Search Results

You are looking at 1 - 5 of 5 items for

  • Author or Editor: A. R. Rodi x
  • Refine by Access: All Content x
Clear All Modify Search
A. R. Rodi
and
P. A. Spyers-Duran

Abstract

Full access
N. Prasad
,
A. R. Rodi
, and
A. J. Heymsfiield

Abstract

The evolution of precipitation in seeded wintertime orographically induced convective and stratiform clouds with embedded convection were studied using in situ observations and particle growth and trajectory models. The particle growth model of Heymsfield embedded in a kinematic flow field representative of the Sierra barrier was used to study the ice particle growth by diffusion, accretion and subsequent fall trajectories. The particles observed by the aircraft were classified into habits. The growth of observed particles were compared with the model predicted evolution. Using the aggregation model of Heymsfield, the observation of formation of aggregates in <10 minutes was verified. The key findings of this study were.. (i) Aggregates (>1 mm) form in 4–8 minutes after seeding a convective cloud. (ii) Riming is important close to the barrier in a stratiform cloud when large cloud droplets and liquid water up to 0.3 g m−3 are present. (iii) Diffusional growth is extremely important for temperatures near −15°C in these low liquid water content clouds. The particles grow to ∼2 mm when released from just colder than −15°C, and to ∼1 mm when falling from warmer than −15°C.

Full access
Jean-Louis Brenguier
,
A. R. Rodi
,
G. Gordon
, and
P. Wechsler

Abstract

A method for detecting malfunctions during collection of data with the forward-scattering spectrometer probe (FSSP) is discussed. Droplet spectra measured with the probe are not sufficient to alert operators of probe failures, such as those caused by fogging or icing of the optics. Exact solutions of the coincidence process and application of these formulas, using additional parameters provided by the FSSP, yield estimates of the transit time of the droplets through the laser beam. Comparison of these estimates with expected values derived from aircraft speed can be used to detect a variety of FSSP malfunctions. An example of such an analysis using data from a flight through supercooled cloud is presented.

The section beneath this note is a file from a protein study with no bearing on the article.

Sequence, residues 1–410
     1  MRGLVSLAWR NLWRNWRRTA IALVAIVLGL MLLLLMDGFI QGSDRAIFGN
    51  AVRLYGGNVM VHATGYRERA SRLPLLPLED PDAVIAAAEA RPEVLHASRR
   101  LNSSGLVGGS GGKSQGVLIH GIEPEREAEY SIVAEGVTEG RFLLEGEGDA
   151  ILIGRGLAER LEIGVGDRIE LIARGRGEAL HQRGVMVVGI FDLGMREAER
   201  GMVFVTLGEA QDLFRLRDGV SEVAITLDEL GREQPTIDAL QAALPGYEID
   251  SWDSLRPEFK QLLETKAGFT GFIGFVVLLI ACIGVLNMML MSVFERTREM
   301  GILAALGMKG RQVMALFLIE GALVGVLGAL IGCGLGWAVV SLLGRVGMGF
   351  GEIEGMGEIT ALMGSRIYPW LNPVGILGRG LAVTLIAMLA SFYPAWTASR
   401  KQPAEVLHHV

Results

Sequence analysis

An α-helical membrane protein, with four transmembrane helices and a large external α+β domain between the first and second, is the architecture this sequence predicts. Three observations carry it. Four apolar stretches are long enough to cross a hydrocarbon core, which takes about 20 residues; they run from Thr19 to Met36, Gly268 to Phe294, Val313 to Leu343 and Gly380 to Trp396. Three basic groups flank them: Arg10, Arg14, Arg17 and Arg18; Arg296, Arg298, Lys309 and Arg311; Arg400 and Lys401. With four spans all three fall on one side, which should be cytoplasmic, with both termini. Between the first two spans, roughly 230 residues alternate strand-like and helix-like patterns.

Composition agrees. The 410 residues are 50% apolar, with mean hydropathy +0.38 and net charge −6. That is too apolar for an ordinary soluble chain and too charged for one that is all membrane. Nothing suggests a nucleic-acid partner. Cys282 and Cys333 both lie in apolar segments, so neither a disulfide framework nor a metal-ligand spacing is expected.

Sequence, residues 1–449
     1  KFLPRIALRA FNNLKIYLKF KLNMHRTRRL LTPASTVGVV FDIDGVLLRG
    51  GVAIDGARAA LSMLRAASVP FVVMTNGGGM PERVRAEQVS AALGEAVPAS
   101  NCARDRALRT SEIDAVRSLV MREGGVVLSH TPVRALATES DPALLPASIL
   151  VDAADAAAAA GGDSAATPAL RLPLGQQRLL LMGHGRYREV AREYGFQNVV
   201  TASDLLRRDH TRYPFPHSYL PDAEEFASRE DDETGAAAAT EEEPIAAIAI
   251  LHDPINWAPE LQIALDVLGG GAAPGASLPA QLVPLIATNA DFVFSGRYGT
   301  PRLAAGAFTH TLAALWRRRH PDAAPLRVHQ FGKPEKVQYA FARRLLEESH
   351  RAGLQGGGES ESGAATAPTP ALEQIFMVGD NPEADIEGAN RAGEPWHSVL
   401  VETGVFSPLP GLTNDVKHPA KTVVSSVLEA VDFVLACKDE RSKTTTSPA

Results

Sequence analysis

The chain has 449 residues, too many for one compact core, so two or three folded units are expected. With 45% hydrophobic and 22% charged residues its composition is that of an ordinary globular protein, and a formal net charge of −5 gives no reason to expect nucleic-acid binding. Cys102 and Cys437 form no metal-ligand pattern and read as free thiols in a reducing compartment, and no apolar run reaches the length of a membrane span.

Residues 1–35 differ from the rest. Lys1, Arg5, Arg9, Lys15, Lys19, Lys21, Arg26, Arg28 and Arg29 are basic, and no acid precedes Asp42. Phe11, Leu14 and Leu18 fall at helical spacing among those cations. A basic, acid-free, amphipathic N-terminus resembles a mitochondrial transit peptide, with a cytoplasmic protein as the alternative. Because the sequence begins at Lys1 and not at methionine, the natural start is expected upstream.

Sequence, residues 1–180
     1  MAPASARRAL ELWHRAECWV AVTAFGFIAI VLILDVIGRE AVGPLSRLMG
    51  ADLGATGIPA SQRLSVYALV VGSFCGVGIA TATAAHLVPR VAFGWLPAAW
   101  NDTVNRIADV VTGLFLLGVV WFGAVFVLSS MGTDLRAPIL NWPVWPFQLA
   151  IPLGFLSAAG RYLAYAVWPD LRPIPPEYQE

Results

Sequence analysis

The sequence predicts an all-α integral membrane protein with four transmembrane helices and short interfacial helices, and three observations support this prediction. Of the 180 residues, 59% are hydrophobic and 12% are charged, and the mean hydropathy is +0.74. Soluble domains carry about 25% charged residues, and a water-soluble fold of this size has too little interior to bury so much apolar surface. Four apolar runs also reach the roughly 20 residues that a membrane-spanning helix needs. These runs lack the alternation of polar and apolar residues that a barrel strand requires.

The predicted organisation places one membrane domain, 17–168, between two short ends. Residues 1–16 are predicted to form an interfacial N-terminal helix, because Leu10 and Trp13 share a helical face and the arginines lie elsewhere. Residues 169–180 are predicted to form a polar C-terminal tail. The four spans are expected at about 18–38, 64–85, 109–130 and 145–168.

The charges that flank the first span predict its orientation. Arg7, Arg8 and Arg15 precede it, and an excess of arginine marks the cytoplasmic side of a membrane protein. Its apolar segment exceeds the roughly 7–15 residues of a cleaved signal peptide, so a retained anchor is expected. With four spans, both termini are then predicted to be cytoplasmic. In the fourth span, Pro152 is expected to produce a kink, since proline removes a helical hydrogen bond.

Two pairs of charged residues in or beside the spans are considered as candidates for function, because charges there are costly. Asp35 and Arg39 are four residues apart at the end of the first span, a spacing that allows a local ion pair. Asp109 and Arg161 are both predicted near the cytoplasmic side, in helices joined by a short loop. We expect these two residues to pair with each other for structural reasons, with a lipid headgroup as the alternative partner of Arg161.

Full access
M. Segal
,
J. R. Garratt
,
R. A. Pielke
,
W. E. Schreiber
,
A. Rodi
,
G. Kallos
, and
J. Weaver

Abstract

The present study provides a preliminary evaluation of mesoscale circulations forced by surface gradients of heating arising from irrigated areas adjacent to dry land, utilizing a combination of satellite, observational, and modeling approaches. The irrigated crop areas of northeast Colorado were chosen for the study. For the cases studied satellite surface infrared temperature data indicated a typical temperature contrast of approximately 10 K at noon, between the irrigated area and the adjacent dry land. Surface observations and aircraft measurements within the lower region of the atmospheric boundary layer indicated, in general, a significant temperature contrast and moisture difference, thereby implying a potential thermally driven circulation. The anticipated thermally induced flows, however, were reflected in the measurements only by modest changes in the wind speed and wind direction across the contrast location. It is suggested that the daytime, elevated, terrain-forced flow in the area, and the synoptic flow, combined to mask to varying degrees the thermally induced circulation due to the irrigated land-dry land area effect. Numerical model simulations which were carried out over the studied area support this hypothesis. In addition, the impact of the irrigated areas on the moisture within the boundary layer, as well as on potential convective cloud developments is discussed.

Full access
James W. Wilson
,
James A. Moore
,
G. Brant Foote
,
Brooks Martner
,
Alfred R. Rodi
,
Taneil Uttal
, and
James M. Wilczak

The Convection Initiation and Downburst Experiment (CINDE) was conducted in the Denver, Colorado area from 22 June to 7 August 1987 to study processes leading to the formation of deep convection and the physics of downbursts. A total of 6 Doppler radars, 87 mesonet stations, 3 research aircraft, 8 sounding systems and numerous photographic facilities were deployed within an 85 km × 85 km area. A comprehensive data set was obtained including measurements of convergence lines, downbursts, and tornadoes that occurred on 35, 22, and 11 days, respectively.

This paper describes the objectives of the experiment and the specific facilities employed. Highlights and preliminary results are presented for several studies underway to show the type of data collected and to illustrate the sorts of analyses being pursued. Examples chosen include the topics of cloud initiation on stationary convergence lines, terrain-induced circulations, downbursts, tornadoes, and tracking chaff in precipitation-filled regions.

Full access